Wednesday, January 26, 2011

Growing Pains

[Note:  This is one of the letters that I posted to my friends and family on Facebook when we received Wyatt's inter-utero AVSD diagnosis and learned that there was a 75% chance of him having a chromosomal abnormality, probably Down syndrome.  These are rough, these are raw.  They are painful... and totally didn't have to be if I had any understanding about what DS was in the first place.  It is these early days that prompted me to start Down Wit Dat... to educate and to effect change.  Down syndrome is not something that needs to be grieved.  Ever.  -Jxox]     

So, to fill in the gaps, here's our latest update from the high risk ultrasound clinic at BCH. I do have to say, I love that floor. It's nice, it's clean, it appears to be well laid out and the nurses have been pretty friendly so far. I don't feel like I have to "out" myself every three minutes to get decent care. That is a good feeling.

Mr. Q and I went on our ultrasound adventure today; he, hopped up on Tylenol to break the fever that kept him home from school, me, flustered and running late. We breezed in, had a bit of a chat with my OB and the sonographer and put Quinn in a chair where he could see and still be quiet. The test itself took over an hour, which, aside from the echocardiograms, is the longest one I've had so far. I asked her ahead of time to give me a rough estimates of both weights, simply because I had no idea where they were with their growth. I was told by the tech that Wyatt is currently (approx) 3.9 lbs and Zoe is 3.5lbs. According to the chart in my head, that is pretty good for twins at 31 weeks. Once the test was done, we waited for the summation from the OB.

I hinted in my comments earlier that we got some hopeful news, some facepalm news and some weirdo news and that is exactly what we got. Yes, the AV hole is still there in Wyatt's heart and the one side of his heart is a teensy bit larger. The sonographer was also unsure whether she would have ever seen that ever, which is a testimonial to how good my fetal cardiology team is. That was hopeful, as it provides a little more reassurance to an area where it is needed. He also seems to have a little more fluid in his abdomen which could be anything, including a full bladder. As for the rest of the soft markers: There were none evident (as in seen). (Yay!) However, my OB was quick to point out that 50% of babies with Down syndrome have completely normal ultrasounds. (D'oh!). Truly, we are not going to know if he has DS until I am holding him and/or the genetic testing comes back on the cord blood (if he is Mosaic).

Zoe, not to be outdone by her brother, has fallen off the growth chart this time around. Generally babies stay on a nice, predictable growth curve unless there is a problem. With twins, IUGR is often a reality; there simply isn't enough room to grow. As it stands now, Zoe seems to have lost her growth rate and some amniotic fluid/space. I was told that we were going to monitor this very closely from now on (how much closer can we get? I thought to myself...) which would give us an indication whether this was an isolated incident or not (remember, I'm just getting over the flu). I was told that my C-section date has been moved to the 10th of March now and that may have to be moved up more if Zoe continues to not grow at the rate she should. In fact, they might have to take the babies even earlier than expected (which is not the optimum scenario for lung development) if this is the case. Already we were looking at delivery at 37 weeks, this could be pushed back to 36, 35, 34... and it is all wait and see. To make this short, all my biweekly ultrasounds will now be in the high risk clinic with the same sonographer and my OB in the next room. That way if I need an emergency C-section, I am already registered and just have to move down the hall. I'm sorry, but that rattled me a little bit, especially with Quinn sitting there.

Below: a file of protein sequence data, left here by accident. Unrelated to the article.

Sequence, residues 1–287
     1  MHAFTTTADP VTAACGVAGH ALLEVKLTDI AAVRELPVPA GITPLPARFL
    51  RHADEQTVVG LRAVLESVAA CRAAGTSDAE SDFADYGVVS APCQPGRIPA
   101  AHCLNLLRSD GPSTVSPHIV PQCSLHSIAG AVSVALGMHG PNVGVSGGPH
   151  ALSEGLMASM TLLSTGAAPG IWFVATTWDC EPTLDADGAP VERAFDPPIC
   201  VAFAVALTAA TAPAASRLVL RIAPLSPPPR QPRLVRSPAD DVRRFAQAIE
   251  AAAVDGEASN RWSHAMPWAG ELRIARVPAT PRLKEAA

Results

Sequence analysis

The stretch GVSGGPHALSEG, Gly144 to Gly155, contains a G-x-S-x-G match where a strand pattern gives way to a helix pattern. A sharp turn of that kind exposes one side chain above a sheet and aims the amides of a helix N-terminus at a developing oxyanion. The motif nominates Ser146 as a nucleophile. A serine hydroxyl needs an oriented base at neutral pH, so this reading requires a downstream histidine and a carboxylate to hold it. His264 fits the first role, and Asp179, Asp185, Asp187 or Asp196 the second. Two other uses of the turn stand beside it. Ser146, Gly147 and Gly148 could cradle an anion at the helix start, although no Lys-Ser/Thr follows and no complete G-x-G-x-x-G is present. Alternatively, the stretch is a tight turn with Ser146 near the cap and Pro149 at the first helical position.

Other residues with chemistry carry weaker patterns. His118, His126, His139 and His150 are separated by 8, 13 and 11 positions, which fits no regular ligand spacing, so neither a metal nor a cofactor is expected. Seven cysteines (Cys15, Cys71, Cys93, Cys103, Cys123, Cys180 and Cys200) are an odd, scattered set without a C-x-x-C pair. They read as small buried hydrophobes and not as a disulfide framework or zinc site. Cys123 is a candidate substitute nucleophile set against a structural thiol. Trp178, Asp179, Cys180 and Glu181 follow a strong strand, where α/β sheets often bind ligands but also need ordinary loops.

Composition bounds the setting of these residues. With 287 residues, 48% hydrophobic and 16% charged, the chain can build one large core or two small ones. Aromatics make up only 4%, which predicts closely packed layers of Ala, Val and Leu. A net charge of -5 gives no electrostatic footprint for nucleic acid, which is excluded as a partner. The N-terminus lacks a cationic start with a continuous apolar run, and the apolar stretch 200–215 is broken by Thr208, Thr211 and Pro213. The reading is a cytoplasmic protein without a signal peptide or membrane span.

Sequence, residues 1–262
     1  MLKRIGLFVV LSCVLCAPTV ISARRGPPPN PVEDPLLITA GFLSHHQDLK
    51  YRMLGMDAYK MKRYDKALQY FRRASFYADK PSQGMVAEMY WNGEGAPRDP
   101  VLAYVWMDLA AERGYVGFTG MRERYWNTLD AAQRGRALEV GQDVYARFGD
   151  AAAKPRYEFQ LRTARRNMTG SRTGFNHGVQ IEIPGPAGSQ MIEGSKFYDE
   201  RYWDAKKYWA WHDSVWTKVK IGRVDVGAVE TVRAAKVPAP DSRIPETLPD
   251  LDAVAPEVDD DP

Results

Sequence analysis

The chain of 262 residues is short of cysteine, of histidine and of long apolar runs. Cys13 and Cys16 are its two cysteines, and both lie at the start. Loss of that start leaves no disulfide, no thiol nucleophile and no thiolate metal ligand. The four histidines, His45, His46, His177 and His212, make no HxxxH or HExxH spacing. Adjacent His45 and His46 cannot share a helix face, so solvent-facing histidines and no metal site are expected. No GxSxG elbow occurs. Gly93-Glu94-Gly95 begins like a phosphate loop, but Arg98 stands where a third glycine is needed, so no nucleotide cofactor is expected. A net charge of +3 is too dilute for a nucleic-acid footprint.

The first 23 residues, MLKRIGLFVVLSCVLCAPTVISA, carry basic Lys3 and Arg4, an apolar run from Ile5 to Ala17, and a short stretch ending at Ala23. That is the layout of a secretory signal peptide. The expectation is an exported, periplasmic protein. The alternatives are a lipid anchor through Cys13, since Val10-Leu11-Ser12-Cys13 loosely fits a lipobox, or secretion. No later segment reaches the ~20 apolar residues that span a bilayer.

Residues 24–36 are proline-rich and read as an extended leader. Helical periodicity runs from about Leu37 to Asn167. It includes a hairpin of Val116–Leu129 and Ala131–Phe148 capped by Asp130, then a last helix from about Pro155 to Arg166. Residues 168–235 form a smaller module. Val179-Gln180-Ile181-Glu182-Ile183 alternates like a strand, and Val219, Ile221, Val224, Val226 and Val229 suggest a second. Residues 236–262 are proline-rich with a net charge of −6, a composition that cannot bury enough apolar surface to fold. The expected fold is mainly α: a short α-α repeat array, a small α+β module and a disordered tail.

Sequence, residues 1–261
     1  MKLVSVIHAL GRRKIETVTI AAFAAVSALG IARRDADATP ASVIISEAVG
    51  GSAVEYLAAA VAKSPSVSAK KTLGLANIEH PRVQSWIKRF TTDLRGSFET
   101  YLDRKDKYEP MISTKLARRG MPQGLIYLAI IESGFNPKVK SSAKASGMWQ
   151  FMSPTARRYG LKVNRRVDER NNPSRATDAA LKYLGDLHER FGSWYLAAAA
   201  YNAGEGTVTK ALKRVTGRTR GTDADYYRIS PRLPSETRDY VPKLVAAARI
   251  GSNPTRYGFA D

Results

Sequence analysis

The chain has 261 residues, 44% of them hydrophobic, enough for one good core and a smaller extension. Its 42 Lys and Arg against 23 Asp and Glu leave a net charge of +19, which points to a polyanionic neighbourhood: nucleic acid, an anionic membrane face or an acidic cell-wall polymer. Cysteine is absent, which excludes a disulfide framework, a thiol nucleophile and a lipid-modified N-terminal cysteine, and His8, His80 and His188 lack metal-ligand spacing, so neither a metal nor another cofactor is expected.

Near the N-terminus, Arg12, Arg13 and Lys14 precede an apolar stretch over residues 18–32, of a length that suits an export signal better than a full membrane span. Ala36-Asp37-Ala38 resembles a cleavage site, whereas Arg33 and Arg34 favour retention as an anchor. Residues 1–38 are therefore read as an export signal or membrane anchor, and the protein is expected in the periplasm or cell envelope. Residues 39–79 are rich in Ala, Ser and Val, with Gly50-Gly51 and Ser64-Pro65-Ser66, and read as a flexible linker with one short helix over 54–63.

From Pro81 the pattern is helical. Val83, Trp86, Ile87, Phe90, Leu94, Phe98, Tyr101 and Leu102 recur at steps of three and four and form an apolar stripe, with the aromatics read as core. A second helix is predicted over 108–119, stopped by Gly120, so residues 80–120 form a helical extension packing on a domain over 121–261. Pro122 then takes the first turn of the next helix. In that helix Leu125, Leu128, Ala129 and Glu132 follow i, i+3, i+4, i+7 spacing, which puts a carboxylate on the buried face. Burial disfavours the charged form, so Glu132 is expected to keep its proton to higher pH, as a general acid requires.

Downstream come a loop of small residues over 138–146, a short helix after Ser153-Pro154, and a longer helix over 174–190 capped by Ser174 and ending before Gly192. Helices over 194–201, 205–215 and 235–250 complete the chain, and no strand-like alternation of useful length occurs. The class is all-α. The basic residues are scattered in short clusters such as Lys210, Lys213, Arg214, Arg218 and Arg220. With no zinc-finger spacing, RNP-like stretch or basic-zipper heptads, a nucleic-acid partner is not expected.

To put a fine point (literally) on what was already an exhausting day, I had my first of two shots of Celestone (betamethasone), a corticosteroid that is used to speed up the lung development of preterm babies. It helps the babies lungs produce surfactant, which is a lubricant that keeps the wet tissue paper of your lungs from sticking together and collapsing; full term babies produce this, but preemies do not as the lungs are not developed enough yet. Just as a side note, I have had shots for everything. I've been bitten, hit, lacerated, exposed to and generally covered in any bodily fluid you could imagine in my career. I just take the stitches, the blood work, the shots just as a course of action and go home and drink a beer. Up until today I thought that the Hep B antibodies (both cheeks!) were the worst ever, but man! That Celestone stuff stings! There is one more shot in my future, so I'll be limping on the other side today. Quinn thought that was hilarious and that Mommy was an extra "brave girl". You have no idea, wee man.

"If it ain't one thing, it's another." According to parents of twins I know, that is (or should be) the family motto for everyone with multiples. I know what will happen, will happen and it is totally out of our control. I'm just a little concerned as I'm running out of things to paint. ;)

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